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Disney and Marvel: A Primer

Well, that certainly came out of nowhere.

In a blockbuster deal announced on Monday, The Walt Disney Company
announced plans to purchase Marvel Entertainment in a deal worth $4
billion in cash and stock. That means Howard the Duck and Donald Duck
are now brothers, and Disney now gets to finally create that Champions
movie we’ve all been waiting to see. They also get the rights to minor
characters like Spider-Man, Wolverine, and The Incredible Hulk, but
that’s beside the point.

Frankly I’m amazed they kept this secret. When Disney bought Pixar,
there were rumors flying around for weeks before the deal was
announced. There was no inkling whatsoever that Marvel was for sale.
And if there would have been, Disney would have been the *least* likely
candidate. Marvel actually was suing the Mouse to get back the animated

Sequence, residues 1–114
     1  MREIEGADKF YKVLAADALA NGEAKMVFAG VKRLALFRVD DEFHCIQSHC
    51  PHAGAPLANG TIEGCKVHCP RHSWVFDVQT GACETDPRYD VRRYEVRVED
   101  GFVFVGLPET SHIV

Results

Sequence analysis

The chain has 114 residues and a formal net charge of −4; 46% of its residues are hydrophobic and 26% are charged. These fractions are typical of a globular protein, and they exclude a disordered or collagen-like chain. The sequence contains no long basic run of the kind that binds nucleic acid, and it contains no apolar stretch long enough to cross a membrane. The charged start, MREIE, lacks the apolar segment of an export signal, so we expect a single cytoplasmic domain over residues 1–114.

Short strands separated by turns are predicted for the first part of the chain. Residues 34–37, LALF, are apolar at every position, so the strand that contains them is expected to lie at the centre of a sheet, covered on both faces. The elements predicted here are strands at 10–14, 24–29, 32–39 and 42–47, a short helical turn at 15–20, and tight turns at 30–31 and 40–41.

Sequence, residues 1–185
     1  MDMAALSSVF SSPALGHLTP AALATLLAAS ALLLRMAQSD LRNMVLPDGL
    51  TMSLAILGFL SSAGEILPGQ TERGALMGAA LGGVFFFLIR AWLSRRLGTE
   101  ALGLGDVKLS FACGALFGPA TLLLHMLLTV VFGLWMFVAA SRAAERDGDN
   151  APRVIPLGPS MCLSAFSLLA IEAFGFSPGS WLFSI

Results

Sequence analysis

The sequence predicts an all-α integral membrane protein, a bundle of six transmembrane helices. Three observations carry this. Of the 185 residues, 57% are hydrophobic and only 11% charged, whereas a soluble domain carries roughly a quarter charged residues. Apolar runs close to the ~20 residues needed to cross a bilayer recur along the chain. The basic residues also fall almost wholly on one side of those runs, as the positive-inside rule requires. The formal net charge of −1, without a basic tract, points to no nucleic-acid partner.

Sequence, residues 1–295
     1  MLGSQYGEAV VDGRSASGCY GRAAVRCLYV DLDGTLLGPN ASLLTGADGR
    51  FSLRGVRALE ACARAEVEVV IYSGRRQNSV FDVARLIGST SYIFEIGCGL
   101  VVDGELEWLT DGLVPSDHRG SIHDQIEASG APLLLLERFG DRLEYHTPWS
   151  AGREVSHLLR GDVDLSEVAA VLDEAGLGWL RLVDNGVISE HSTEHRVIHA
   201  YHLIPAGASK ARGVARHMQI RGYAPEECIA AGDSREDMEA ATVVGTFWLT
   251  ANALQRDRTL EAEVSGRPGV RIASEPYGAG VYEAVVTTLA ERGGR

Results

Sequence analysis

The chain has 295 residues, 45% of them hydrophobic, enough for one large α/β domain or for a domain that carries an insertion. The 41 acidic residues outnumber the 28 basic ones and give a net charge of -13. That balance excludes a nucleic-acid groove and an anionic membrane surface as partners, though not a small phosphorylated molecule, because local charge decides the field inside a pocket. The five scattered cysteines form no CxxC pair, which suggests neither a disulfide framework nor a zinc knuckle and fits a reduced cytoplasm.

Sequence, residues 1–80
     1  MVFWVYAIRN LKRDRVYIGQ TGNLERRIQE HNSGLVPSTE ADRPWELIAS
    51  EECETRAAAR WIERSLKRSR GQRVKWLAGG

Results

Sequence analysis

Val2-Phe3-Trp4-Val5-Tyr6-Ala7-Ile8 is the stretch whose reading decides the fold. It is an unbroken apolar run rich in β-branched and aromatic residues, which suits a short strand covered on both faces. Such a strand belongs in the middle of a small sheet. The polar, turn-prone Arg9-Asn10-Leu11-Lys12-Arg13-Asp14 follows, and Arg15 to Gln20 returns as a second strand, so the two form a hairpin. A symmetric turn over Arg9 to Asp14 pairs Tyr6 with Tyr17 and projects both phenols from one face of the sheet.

series in the former Saban/Fox Kids library. The deal has apparently
been in the works for some time, long enough for Marvel executives to
meet with John Lasseter. Perhaps the deal was incubating long enough
for the two companies to hammer out deals for the Disney-owned Marvel
cartoons, which began showing up on marvel.com with “Marvel Animation”
logos affixed to the end.

There are more questions than answers at this point, and true to form
fans of both companies are fretting about the small stuff. I’ll attempt
to list the issues, concerns, and the all-over interesting things
associated with this deal, starting with the one point everyone needs
to consider.



Disney is buying Marvel to attract an audience – boys and teenagers – that they don’t currently reach.


Disney is having success with general families, younger kids, and of
course, teenage girls. They’re having problems with boys and teenagers.
Disney just doesn’t do superheroes or effects-laden blockbusters, and
the few boy-centric properties they own – Gargoyles and Power Rangers -
have struggled simply for this reason. With no heroes or blockbusters,
its more traditional family films have been getting killed at the box
office. This is the reason Disney XD has been getting the push that
it’s been getting.

Marvel rectifies that problem, though they’re not going to be feeling